‘The Silver Slug’ was scrapped, but fellow Art Deco landmarks remain ... on land.
TO OCCUPY THE attention of his two youngest sons, David and me, during long family road trips, Dad devised and repeatedly replenished what we called “Pop’s pop quizzes.” On one such trip from Spokane to Seattle, I was able to easily answer Pop’s query, “What is the name of the world’s first streamlined ferry?” The fact that I knew this as a 10- or 11-year-old is testimony to the widespread popularity of the feted Kalakala.
The Black Ball Line’s flagship ferry was the most popular man-made creation on Puget Sound until the raising of the Space Needle in 1962. We have, perhaps inevitably, featured this ferry for “Now & Then” more than once. For instance, on Nov. 3, 1991, we showed her passing through the Chittenden Locks in 1947 for one of her few visits into our fresh waterways. Ordinarily busy carrying tourists and Naval shipyard workers back and forth to Bremerton, the Kalakala did not need our lakes.
Of the many photographs or illustrations of this ferry that I have collected and/or copied, this over-the-shoulder portrait by Frank Shaw is one of my favorites, for several reasons. By contrast, the clouded sky brightens the ferry’s silver shine. The slide’s stern-end view improves the ferry’s streamlined claim. Still, the Kalakala’s less-than-kind nickname, “The Silver Slug,” might have been inspired as much by this tapered stern as by the ferry’s bowl-shaped bow, where two doors opened wide enough to admit the big trucks of its years, 1935 to 1967.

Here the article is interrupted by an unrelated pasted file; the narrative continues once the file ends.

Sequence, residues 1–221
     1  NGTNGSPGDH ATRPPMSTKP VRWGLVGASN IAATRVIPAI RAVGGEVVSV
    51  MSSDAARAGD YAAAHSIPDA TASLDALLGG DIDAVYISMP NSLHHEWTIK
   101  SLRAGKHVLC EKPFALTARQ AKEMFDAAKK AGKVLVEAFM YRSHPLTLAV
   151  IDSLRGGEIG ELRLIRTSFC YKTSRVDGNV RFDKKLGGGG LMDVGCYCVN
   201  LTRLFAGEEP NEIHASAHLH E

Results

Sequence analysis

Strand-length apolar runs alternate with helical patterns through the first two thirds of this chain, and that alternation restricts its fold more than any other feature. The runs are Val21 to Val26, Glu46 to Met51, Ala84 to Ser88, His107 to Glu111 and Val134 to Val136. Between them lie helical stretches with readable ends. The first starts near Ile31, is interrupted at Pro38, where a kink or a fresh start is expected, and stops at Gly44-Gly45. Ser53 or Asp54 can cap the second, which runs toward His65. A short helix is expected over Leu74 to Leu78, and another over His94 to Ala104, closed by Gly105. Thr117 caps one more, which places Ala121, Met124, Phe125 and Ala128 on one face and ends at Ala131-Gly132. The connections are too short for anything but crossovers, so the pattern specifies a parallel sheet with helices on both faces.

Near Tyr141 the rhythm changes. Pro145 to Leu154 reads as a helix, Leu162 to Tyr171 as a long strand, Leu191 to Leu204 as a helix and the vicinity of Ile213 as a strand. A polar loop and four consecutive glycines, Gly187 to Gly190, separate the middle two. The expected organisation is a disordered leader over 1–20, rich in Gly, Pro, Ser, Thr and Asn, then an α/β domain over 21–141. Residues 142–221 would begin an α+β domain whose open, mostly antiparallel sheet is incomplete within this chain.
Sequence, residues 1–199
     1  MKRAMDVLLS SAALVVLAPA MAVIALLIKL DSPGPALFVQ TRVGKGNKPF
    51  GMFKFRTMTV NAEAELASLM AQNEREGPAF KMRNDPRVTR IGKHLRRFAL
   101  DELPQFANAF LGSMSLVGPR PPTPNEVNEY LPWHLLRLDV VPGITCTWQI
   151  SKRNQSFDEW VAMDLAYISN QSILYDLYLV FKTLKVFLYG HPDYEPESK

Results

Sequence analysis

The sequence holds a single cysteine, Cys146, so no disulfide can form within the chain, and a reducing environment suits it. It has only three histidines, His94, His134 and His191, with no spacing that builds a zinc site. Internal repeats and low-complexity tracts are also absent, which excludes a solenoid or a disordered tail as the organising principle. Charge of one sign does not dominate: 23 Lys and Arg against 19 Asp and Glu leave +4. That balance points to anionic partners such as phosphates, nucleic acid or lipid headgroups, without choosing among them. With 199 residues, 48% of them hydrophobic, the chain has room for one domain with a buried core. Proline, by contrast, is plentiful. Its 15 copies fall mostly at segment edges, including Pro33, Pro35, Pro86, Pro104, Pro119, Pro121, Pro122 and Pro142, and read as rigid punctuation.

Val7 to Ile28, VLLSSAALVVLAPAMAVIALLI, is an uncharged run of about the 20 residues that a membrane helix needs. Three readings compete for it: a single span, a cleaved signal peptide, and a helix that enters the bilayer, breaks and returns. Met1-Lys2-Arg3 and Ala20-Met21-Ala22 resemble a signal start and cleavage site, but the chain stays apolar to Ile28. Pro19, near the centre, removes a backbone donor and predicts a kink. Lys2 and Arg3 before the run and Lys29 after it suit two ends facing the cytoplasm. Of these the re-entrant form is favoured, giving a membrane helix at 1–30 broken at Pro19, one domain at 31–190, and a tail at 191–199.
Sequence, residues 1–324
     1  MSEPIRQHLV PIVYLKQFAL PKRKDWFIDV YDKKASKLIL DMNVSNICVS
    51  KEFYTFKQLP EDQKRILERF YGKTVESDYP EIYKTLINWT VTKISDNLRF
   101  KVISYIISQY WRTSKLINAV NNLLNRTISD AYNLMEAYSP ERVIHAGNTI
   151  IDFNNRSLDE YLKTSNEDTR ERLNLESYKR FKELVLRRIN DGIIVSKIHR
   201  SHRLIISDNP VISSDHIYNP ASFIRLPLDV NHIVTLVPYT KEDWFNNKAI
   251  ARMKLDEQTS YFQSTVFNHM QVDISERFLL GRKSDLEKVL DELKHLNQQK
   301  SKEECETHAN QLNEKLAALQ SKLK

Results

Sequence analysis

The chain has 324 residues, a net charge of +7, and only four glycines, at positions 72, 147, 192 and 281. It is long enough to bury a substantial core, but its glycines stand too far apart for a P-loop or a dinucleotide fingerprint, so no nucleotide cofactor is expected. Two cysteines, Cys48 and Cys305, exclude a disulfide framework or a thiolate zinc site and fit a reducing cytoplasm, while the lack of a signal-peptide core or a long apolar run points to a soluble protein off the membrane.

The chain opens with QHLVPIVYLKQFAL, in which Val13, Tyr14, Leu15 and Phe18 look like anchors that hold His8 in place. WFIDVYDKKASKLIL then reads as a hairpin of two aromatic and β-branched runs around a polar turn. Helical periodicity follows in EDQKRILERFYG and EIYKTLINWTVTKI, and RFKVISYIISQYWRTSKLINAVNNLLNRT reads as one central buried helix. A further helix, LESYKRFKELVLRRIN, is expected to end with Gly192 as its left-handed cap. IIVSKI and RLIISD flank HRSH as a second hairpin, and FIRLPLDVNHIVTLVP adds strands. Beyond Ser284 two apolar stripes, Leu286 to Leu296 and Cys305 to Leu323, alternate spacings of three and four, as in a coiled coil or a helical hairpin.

Perhaps the photographer’s most effective assistant for embellishing the streamlined qualities of the ferry was the low tide. It drops some of the ferry’s vertical chunkiness, hiding it below Shaw’s prospect, the exposed deck of the Grand Trunk Pier, Colman Dock’s neighbor to the south.
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With the sensational introduction of its modern service in the mid-1930s, the streamlined ferry was promoted with a makeover of its Colman Dock terminal with Art Deco touches. You will know, perhaps, that the Kalakala had been transformed from the burned shell of the Peralta, a fire-gutted San Francisco Bay ferry that was sold cheaply to the Puget Sound Navigation Company. Rebuilt here as the PSNC’s flagship, it was also a moving monument to Art Deco design.
At its center, Shaw’s waterfront glimpse also includes a second Art Deco landmark, the Securities Building. It still faces Marion Street from the full block between First and Second avenues. In his contribution to the University Press book “Shaping Seattle Architecture,” Seattle architect-historian Grant Hildebrand considers this 1929-31 landmark “perhaps architect John Graham Sr.’s finest work.” The reader surely would enjoy a visit to the building’s lobby.
The Securities Building still stands back-to-back and in contrast with the 17 stories of International-style aluminum and glass curtain-wall construction of the Norton Building. Built in 1959, it is sometimes considered Seattle’s first modern skyscraper. The tops of the Securities and Norton buildings can be found in our “Now” photo — just barely.